Archonides, the leader
of Herbite, after the citizen-body of the Herbitaeans had concluded peace with Dionysius,
determined to found a city. For he had not only many mercenaries but also a mixed throng who
had streamed into the city in connection with the war against Dionysius; and many of the
destitute among the Herbitaeans had promised him to join in the colony.
Consequently, taking the multitude of refugees, he occupied a hill lying
eight stades from the sea, on which he founded the city of Halaesa; and since there were other
cities of Sicily with the same name, he called it Halaesa Archonidion after himself.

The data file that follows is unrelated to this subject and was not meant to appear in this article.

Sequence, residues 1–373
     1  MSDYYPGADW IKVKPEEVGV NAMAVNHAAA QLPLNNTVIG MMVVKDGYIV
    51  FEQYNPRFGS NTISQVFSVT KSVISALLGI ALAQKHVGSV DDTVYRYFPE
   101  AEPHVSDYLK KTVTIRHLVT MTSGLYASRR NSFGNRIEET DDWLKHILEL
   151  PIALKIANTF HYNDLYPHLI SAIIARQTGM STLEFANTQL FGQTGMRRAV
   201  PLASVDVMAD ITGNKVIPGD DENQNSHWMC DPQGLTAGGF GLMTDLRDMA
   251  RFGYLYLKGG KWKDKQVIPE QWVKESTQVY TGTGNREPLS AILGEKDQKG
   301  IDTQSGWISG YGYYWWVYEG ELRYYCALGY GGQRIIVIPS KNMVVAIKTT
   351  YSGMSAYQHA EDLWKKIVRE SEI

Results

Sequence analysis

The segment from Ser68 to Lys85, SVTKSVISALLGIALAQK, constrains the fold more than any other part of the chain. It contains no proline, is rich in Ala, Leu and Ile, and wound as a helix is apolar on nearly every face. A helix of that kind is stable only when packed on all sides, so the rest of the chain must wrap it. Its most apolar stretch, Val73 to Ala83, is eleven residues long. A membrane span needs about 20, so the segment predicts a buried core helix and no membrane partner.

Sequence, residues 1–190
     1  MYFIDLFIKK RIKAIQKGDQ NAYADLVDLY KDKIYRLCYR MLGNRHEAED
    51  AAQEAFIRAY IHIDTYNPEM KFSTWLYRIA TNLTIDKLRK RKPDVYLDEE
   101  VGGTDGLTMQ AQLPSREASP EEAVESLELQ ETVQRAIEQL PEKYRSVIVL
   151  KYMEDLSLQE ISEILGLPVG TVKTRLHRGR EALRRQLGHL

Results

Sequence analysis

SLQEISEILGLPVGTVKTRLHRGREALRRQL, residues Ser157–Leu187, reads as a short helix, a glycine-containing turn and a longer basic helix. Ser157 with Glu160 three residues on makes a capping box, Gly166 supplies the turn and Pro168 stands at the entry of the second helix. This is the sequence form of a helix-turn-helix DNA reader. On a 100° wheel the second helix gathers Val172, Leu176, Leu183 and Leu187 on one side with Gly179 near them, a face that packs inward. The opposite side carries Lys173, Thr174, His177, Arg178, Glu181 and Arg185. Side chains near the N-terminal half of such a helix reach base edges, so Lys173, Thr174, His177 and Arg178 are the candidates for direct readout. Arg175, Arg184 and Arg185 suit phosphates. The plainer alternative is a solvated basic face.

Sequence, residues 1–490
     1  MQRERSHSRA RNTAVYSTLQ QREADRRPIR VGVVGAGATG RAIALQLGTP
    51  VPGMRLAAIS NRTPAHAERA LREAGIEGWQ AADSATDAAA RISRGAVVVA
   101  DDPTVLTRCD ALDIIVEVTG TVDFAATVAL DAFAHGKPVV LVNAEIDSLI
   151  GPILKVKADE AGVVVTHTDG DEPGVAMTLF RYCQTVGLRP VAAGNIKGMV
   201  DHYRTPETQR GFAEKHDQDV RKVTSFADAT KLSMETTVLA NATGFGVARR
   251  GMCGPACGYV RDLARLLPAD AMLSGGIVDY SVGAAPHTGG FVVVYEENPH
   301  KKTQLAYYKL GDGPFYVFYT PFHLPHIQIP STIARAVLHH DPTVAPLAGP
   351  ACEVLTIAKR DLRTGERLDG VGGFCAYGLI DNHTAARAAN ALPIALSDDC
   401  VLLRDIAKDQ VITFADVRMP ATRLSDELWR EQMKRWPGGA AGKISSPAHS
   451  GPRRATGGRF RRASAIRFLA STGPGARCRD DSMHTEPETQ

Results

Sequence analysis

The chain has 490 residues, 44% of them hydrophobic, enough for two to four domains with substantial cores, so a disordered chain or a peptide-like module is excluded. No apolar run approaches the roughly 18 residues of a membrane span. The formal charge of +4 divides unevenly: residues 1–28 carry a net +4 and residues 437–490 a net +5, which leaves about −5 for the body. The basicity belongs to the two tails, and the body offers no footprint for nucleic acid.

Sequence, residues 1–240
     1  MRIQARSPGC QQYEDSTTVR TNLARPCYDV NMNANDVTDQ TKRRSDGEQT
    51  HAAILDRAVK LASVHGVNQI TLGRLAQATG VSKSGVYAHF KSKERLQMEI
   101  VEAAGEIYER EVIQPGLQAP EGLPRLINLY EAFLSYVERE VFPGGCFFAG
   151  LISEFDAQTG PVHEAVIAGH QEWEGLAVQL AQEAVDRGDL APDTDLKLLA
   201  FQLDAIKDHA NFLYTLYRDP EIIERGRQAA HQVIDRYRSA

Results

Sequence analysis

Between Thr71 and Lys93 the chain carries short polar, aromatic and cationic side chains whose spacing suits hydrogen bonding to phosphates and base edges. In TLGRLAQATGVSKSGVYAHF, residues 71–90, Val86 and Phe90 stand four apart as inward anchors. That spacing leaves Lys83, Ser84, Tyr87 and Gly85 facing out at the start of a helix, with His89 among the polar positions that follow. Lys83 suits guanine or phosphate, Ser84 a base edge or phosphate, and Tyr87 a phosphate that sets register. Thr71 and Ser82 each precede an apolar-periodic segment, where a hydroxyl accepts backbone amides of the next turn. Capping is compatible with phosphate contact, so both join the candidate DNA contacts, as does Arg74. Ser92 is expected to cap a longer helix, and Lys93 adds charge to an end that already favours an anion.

When, in later times, the city grew greatly both because of the trade by
sea and because the Romans exempted it from tribute, the Halaesians denied their kinship with
the Herbitaeans, holding it a disgrace to be deemed colonists of an inferior city.
Nevertheless, up to the present time numerous ties of relationships are
to be found among both peoples, and they administer their sacrifices at the Temple of Apollo
with the same routine. But there are those who state that Halaesa was founded by the
Carthaginians at the time when Himilcon concluded his peace with Dionysius.
In Italy a war arose between the Romans
and the people of Veii for the following reasons.1
In this campaign the Romans voted for the first time to give annual pay to
the soldiers for their support. They also reduced by siege the city of the Volsci which was
called at that time Anxor2
but now has the